And, of course, the paid version of Perplexity has more features, like their copilot, which can guide you to more in-depth and carefully crafted results. And with all AI generators, the depth and detail of your query have a huge impact as well. I’ve intentionally chosen a very basic query for a reason.

What Are the Benefits of Using Perplexity?

Perplexity can be very useful for whipping up the foundation you need to produce a high-quality blog post. Basically, it helps streamline one of the most tedious parts of content creation: reading all of the possible sources for a topic, stripping out the information you don’t care about (like CTAs, off-topic stories and anecdotes, and duplicate information), and building a full understanding of a topic.

Overall, Perplexity has a handful of tangible benefits for a content creator like myself.

It speeds up research tremendously. At least, it speeds up a particular kind of research. I do a lot of switching between widely varied topics, often topics I know about but haven’t looked into in a while. I usually need a quick refresher to put myself in the right mind space for working on a given topic. That might take me half an hour of poking through Google search results and reading content, but Perplexity can extract and summarize that key information in a few seconds, giving me a couple of paragraphs to read instead, cutting 20+ minutes off my work time.

Researching With Perplexity

It helps you stay up to date on faster-moving topics. There are some topics that don’t change much over time, but there are others where the most relevant, updated information might be desirable. Unfortunately, these are also the kinds of topics absolutely dominated by thin content and spam in the search results, and Google doesn’t seem to care much about fixing the problem. Perplexity can aggregate authoritative sources rather than clickbait sources and give you the most updated information available, with citations.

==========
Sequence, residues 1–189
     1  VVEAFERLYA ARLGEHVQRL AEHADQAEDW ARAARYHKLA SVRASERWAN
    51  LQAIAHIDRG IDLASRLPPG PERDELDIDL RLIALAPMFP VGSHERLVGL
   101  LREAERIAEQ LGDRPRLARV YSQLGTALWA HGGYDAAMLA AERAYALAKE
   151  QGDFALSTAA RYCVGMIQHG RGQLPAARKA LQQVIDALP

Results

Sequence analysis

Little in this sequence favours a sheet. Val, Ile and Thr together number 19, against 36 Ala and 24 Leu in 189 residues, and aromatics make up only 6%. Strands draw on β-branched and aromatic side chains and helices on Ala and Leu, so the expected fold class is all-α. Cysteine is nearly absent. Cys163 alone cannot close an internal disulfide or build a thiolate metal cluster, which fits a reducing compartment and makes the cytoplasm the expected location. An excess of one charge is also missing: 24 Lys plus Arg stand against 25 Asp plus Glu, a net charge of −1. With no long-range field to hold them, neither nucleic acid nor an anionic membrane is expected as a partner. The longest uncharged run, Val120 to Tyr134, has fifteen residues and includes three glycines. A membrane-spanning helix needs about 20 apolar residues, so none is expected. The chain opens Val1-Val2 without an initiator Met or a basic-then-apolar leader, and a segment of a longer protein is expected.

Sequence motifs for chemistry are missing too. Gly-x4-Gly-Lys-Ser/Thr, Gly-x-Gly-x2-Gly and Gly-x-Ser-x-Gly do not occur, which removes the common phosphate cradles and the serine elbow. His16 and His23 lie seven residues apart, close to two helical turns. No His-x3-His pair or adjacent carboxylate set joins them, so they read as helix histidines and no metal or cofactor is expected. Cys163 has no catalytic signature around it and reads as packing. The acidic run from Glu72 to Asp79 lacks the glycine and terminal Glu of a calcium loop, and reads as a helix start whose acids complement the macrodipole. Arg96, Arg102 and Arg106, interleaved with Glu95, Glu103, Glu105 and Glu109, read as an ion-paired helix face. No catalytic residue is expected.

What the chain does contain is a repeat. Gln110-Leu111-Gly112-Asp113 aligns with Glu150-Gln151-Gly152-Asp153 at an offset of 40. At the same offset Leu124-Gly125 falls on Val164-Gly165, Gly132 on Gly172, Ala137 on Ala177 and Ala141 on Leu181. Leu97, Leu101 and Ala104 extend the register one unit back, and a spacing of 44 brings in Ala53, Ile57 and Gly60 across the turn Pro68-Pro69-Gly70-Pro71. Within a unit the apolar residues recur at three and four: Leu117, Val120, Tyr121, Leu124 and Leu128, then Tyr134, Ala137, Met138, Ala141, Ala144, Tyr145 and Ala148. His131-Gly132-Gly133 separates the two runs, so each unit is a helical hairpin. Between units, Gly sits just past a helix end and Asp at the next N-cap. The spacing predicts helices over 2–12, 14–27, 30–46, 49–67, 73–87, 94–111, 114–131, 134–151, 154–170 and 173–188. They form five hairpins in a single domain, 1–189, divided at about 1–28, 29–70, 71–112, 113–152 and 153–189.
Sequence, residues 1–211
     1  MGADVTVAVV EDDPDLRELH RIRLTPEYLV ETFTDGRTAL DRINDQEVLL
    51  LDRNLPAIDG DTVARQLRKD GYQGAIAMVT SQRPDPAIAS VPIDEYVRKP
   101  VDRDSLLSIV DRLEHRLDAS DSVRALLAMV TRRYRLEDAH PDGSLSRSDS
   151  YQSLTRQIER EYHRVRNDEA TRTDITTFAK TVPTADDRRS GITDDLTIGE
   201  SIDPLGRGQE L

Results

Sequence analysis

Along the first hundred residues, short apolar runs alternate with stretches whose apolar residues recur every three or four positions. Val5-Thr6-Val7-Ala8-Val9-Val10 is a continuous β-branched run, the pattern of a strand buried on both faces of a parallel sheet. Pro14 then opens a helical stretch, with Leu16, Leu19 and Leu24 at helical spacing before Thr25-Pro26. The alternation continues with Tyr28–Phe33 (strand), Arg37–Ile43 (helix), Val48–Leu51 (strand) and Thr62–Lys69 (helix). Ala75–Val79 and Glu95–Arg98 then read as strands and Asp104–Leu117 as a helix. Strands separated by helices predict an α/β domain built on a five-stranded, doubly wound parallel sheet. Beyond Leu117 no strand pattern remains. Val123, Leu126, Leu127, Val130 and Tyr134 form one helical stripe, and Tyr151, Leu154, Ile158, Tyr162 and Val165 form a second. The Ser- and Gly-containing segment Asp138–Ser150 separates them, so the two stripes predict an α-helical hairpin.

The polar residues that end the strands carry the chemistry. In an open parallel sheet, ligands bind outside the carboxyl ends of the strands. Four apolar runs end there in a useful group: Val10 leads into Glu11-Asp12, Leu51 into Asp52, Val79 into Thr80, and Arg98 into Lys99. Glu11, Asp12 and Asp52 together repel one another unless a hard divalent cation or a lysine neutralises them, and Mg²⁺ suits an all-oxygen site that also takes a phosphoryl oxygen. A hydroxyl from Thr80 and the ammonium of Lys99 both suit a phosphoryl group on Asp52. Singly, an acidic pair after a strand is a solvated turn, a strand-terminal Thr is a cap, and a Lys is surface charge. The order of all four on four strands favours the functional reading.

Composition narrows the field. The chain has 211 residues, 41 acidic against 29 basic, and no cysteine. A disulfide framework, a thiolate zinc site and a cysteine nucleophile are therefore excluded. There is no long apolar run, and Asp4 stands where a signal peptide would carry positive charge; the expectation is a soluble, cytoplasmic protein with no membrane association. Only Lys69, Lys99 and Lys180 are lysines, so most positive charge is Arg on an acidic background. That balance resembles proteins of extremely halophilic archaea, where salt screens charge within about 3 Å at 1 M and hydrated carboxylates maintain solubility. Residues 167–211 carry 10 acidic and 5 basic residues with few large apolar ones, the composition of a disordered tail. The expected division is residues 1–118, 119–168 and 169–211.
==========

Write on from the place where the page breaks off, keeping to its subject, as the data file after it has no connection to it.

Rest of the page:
It can be a useful tool for outlining blog posts. Outlining a post lets you come up with the core facts and conclusions you want to reach, put things in a logical order, and figure out what you need to cover and what you don’t.

Perplexity won’t generate a perfect outline for you. What it can do, though, is give you the important facts and information you’d want to include. You might need to do some rearranging, trimming, or expanding of various sections, and you might need to go through your query a few times to get all the angles you’d want to cover, but it can help a lot and frequently reminds me to include details I otherwise might have forgotten.

Does Perplexity Have Drawbacks?

Of course. There are a few important drawbacks, including one I’ve alluded to already by using the basic, simple query.

The first is that Perplexity develops a consensus from the sources it finds. That’s fine for something with a factual answer. But what about something that can have multiple perspectives, different ways of viewing a subject, or even different conclusions entirely?

Very often, complex subjects viewed in different lights can have very different outcomes. For example, if you were to ask Perplexity what the best diet is for long-term health, you would get one recommendation, but it’d either be so generic as to be useless, or it would run counter to some study or another. The more nuanced a topic is, the less likely that the search results are going to have a firm consensus, and thus, the less useful Perplexity is for summarizing it for you.